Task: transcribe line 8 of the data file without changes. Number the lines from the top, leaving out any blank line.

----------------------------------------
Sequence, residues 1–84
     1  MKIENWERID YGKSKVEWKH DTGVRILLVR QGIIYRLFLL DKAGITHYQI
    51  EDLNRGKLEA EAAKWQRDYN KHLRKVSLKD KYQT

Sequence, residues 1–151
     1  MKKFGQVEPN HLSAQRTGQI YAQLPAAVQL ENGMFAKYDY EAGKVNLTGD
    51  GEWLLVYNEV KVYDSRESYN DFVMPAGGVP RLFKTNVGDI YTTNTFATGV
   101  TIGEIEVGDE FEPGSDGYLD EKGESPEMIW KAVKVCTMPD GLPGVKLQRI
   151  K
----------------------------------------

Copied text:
   151  K